The very name “Hawai’i” conjures up images of pristine sandy beaches, roaring surf, rumbling volcanoes, and endless horizons. However, the state provides so much more.

Pearl Harbor

Early in the morning of Sunday, December 7, 1941, a day that President Franklin Roosevelt called one “that will live in infamy,” bombers and fighters of the Imperial Japanese Navy took off from aircraft carriers in the Pacific. Their target? The vast naval base at Pearl Harbor, Hawaii, was the headquarters for the U.S. Pacific fleet.

The attack caught the American military completely unprepared. Within 90 minutes, Japanese aircraft had sunk 19 warships and 300 aircraft and killed more than 2,400 American soldiers. Almost half of the casualties were on board the destroyer, the USS Arizona.[20]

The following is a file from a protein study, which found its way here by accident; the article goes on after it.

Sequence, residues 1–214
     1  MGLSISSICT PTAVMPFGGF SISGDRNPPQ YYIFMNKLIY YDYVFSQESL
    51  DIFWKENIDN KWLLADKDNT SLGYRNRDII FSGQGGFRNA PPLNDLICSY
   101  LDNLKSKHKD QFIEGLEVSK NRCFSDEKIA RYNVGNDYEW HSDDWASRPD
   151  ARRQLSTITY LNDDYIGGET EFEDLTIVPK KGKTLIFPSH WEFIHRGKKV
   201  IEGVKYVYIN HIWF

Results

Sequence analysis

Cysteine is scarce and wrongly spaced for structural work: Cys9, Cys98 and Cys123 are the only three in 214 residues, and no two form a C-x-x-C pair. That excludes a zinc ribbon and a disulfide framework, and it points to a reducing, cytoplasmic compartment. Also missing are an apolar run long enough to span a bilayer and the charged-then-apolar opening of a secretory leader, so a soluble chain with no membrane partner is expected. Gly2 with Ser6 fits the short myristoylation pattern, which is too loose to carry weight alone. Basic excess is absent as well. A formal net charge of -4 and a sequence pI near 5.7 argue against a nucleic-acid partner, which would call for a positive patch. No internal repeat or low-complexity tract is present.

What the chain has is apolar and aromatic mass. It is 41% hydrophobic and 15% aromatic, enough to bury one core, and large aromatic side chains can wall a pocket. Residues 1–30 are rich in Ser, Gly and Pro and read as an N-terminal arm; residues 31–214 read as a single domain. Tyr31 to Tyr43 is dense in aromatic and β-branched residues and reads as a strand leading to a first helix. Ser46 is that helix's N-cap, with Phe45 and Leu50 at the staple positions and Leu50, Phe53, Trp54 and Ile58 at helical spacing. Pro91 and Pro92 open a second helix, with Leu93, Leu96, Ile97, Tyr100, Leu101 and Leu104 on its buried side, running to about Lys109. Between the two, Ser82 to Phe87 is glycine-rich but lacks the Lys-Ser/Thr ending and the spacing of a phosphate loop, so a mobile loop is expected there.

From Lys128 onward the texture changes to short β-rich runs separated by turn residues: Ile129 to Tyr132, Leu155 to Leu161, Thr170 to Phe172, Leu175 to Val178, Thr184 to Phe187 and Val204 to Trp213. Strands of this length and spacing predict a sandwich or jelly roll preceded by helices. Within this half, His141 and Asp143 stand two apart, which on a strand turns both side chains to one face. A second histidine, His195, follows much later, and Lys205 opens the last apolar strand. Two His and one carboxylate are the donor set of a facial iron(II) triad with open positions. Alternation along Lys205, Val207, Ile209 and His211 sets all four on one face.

Today, the National Park Service administers the Pearl Harbor National Memorial on the site of the attack. Much of the wreckage of the USS Arizona remains as a somber reminder of the carnage that happened here.

The Hula

Mention Hawaii, and many people think of flower lei greetings and hula dancers. The hula, however, is far more than a tourist attraction. It is a cultural art form steeped in the traditions and history of the Hawaiian people.

Long before the arrival of Europeans in the 1700s, hula was a part of Hawaiian culture. Dancers would dance to honor gods or chiefs in intricate ceremonies. The dances also portrayed stories vital to the islanders’ well-being. Native Hawaiians had no written language to pass down stories, so the dances served that purpose, preserving much of their history.